Interesante aunque se va por el lado del daño que hace el sistema de patentes a ciertas industrias. Curioso, el NYT dedica editoriales la semana pasada al tema...por lo rápido vale la pena un vistazo si desconoces el sistema de patentes en Estados Unidos. También si has seguido las guerras de patentes en empresas de TI.
Andy McKenzie
Clear and concise, if a bit "preaching to the choir", this book deserves wider dissemination and I hope that the memes within it spread. I wish it had taken a few more risks, but there is a benefit in having some books that mostly just state the obvious, and Tabarrok's anti-contrarianism in that respect is refreshing.
3.5 -- I think we'll see a lot more of this publishing model in the future (short ebook sold for just a few dollars). Substantively, I particularly enjoyed the criticism of modern patents as stifling innovation -- I hope more people realize how absurd modern patents have become.
Andy Howard
Excellent introduction to innovation. Not a whole lot of depth, but considering you could probably plow through this whole book in a day, it was perfect for what it is.

This was a jumping off point for me to investigate the US patent system and all its failings more in depth.
Doesn't cover anything that hasn't been explained before and does so in a way that feels stilted without any kind of coherent flow or narrative. Quick read, but not really worth it.
Gabriel C.
So boring! I can barely remember what it was about. Everyone hates patents and loves pie.
Rohit marked it as to-read
May 10, 2015
Leandro Zis
Leandro Zis marked it as to-read
Jan 25, 2015
John Seyferth
John Seyferth marked it as to-read
Jan 14, 2015
Jennifer Jacobs
Jennifer Jacobs marked it as to-read
Dec 30, 2014
Nicholas Warino
Nicholas Warino marked it as to-read
Dec 24, 2014
Byron Robayo
Byron Robayo marked it as to-read
Nov 21, 2014
Kevin marked it as to-read
Nov 19, 2014
« previous 1 3 4 5 6 7 8 9 next »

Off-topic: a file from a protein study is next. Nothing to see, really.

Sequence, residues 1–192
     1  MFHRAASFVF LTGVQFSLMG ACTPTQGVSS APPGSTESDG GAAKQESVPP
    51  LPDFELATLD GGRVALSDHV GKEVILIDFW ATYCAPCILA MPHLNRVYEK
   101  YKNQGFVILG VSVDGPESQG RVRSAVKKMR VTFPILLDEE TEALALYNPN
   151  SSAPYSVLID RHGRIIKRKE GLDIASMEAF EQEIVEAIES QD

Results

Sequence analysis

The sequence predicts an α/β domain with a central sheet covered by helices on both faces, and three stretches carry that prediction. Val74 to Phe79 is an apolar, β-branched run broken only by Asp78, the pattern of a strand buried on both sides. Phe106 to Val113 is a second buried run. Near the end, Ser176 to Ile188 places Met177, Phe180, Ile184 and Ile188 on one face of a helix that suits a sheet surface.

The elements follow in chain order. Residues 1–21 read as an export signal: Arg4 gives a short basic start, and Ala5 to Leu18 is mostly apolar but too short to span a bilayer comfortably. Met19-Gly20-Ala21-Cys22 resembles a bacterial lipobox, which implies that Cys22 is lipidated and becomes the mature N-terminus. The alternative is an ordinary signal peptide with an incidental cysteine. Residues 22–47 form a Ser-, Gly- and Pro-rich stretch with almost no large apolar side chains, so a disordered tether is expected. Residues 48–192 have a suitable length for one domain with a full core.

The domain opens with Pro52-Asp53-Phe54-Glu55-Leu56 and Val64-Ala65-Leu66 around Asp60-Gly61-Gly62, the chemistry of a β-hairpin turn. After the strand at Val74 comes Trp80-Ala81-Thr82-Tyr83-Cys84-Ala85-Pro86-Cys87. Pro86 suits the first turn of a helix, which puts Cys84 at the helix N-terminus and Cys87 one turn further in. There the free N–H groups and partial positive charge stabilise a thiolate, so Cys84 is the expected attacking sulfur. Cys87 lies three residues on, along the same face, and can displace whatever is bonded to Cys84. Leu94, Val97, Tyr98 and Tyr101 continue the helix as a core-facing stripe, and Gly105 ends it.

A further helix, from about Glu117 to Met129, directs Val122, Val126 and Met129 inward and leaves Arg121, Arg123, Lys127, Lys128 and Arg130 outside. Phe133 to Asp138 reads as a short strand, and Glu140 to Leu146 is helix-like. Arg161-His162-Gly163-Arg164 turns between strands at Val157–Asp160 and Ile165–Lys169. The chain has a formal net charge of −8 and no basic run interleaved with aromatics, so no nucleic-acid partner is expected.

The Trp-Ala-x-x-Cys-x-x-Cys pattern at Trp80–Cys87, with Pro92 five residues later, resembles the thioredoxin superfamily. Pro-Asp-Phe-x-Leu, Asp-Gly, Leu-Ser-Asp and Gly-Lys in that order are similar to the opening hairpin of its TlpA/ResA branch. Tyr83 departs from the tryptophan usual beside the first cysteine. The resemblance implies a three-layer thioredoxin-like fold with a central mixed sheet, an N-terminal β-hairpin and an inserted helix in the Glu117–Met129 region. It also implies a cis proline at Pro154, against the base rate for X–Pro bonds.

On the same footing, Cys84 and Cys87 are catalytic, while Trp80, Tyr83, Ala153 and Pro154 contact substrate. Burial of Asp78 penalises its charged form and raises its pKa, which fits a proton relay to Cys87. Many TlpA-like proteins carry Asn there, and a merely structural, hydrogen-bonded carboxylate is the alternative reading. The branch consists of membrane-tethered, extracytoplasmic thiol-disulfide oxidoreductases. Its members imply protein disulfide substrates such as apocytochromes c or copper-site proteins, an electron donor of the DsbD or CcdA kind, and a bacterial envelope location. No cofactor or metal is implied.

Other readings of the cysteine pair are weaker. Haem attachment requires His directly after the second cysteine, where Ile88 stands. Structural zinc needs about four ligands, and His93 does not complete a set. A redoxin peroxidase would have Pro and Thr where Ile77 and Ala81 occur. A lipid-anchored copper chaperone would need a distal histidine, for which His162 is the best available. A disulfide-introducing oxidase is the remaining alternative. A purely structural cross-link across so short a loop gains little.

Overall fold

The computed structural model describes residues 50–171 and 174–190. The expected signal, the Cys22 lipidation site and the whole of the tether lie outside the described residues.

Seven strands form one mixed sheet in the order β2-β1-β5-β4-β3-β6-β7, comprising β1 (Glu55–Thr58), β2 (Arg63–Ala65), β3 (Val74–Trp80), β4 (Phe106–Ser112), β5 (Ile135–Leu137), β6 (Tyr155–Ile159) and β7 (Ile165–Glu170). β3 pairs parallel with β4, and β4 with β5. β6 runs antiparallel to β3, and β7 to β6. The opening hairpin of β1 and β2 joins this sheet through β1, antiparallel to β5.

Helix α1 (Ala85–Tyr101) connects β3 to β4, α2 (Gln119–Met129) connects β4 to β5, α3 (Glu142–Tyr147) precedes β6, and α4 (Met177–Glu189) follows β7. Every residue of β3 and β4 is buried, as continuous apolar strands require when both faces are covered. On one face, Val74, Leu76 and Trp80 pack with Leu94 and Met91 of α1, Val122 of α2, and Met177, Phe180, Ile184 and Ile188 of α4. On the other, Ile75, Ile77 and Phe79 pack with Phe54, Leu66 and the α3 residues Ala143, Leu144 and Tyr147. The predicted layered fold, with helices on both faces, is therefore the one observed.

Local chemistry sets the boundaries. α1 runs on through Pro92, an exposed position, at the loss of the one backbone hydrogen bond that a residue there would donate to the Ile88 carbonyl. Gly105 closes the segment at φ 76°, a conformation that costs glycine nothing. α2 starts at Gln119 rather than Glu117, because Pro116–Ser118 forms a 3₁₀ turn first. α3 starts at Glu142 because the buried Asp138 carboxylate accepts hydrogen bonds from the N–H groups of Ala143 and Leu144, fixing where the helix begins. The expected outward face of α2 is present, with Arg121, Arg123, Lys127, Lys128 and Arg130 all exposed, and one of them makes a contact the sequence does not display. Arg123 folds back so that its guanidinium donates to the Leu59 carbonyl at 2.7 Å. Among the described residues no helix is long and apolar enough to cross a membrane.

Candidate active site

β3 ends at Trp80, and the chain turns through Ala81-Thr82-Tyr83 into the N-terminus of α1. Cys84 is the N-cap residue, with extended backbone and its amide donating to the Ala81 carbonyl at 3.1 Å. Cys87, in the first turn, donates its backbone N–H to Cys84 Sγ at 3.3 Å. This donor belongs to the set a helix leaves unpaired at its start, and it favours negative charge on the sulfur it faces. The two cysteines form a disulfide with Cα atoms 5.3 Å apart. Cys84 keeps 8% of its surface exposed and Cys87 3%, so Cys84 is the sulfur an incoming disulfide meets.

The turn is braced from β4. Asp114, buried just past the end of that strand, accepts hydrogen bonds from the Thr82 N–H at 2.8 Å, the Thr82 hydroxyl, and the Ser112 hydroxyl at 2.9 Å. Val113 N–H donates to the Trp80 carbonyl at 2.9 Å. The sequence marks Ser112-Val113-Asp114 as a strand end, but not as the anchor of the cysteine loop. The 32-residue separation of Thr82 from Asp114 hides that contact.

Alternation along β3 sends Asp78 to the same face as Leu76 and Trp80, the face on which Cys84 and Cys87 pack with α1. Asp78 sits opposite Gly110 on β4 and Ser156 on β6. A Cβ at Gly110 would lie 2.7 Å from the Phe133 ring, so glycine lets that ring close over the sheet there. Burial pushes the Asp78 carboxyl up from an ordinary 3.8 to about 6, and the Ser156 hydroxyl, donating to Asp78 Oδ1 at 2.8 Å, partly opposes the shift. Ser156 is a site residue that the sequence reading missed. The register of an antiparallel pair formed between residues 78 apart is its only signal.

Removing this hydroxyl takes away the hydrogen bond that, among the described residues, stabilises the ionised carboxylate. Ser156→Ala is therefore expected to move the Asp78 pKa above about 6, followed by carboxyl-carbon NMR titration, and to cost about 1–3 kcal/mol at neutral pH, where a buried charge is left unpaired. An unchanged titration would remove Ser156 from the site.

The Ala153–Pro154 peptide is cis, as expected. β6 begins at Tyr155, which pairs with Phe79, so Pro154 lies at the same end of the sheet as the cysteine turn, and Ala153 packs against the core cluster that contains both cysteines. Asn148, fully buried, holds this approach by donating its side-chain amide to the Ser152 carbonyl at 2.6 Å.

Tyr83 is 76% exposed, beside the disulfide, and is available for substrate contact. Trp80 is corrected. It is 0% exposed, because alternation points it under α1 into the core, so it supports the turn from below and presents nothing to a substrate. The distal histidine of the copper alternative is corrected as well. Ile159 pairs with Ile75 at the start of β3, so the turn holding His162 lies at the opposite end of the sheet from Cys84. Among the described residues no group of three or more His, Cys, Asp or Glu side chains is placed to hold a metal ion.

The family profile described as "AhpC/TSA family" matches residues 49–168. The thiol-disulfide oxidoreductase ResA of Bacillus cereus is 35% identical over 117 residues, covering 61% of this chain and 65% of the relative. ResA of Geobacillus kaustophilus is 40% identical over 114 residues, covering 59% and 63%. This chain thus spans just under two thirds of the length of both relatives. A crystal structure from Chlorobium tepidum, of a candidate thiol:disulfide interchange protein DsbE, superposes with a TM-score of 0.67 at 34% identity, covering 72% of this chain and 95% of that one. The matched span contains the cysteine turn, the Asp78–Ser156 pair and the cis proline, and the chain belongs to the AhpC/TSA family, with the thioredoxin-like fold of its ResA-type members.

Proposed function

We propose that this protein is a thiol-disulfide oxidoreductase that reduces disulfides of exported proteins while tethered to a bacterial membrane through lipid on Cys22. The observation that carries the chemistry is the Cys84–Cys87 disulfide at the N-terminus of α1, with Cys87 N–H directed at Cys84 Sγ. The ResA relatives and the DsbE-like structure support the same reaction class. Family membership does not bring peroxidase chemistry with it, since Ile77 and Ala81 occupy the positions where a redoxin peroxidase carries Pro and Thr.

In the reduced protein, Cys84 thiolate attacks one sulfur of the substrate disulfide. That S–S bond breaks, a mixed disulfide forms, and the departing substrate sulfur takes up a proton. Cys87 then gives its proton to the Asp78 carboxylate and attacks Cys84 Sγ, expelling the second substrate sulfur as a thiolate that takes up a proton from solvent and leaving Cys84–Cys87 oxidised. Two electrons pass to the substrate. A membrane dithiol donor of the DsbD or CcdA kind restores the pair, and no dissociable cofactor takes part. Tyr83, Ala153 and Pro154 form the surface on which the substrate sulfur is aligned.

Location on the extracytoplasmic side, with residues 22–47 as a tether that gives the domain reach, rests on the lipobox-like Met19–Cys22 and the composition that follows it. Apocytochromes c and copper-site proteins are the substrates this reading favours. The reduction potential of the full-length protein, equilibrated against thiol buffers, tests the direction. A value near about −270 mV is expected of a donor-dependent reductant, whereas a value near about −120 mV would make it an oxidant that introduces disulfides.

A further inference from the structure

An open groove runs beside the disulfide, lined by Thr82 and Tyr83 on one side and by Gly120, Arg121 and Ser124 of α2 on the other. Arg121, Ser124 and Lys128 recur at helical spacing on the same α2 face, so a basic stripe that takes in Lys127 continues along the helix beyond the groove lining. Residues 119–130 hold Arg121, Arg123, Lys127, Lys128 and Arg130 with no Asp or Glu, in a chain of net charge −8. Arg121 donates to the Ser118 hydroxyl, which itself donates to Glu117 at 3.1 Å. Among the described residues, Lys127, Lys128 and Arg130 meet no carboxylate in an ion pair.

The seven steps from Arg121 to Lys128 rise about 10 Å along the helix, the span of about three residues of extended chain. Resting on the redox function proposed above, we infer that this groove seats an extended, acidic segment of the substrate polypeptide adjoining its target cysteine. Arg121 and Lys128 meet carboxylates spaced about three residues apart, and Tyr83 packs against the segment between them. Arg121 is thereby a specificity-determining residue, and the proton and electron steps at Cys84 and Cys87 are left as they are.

There are no discussion topics on this book yet. Be the first to start one »
  • The Great Stagnation: How America Ate All The Low-Hanging Fruit of Modern History, Got Sick, and Will (Eventually) Feel Better
  • Hybrid Reality: Thriving in the Emerging Human-Technology Civilization
  • The Rent Is Too Damn High
  • Bourgeois Dignity: Why Economics Can't Explain the Modern World
  • Smile
  • Beware Dangerism!
  • The Firm, the Market, and the Law
  • The Forgotten Depression: 1921: The Crash That Cured Itself
  • The Gated City
  • The Gridlock Economy: How Too Much Ownership Wrecks Markets, Stops Innovation, and Costs Lives
  • Make Love Not Porn: Technology's Hardcore Impact on Human Behavior
  • The Economics of Freedom: What Your Professors Won't Tell You
  • The Rise and Decline of Nations: Economic Growth, Stagflation, and Social Rigidities
  • Unintended Consequences: Why Everything You've Been Told About the Economy Is Wrong
  • Race Against The Machine: How the Digital Revolution is Accelerating Innovation, Driving Productivity, and Irreversibly Transforming Employment and the Economy
  • A Capitalism for the People: Recapturing the Lost Genius of American Prosperity
  • The Ultimate Resource 2
  • The Everyday Language of White Racism
Modern Principles of Economics Modern Principles: Microeconomics Modern Principles of Economics (High School) Study Guide for Modern Principles: Microeconomics Modern Principles of Microeconomics & Portal Access Card (6 Month)

Share This Book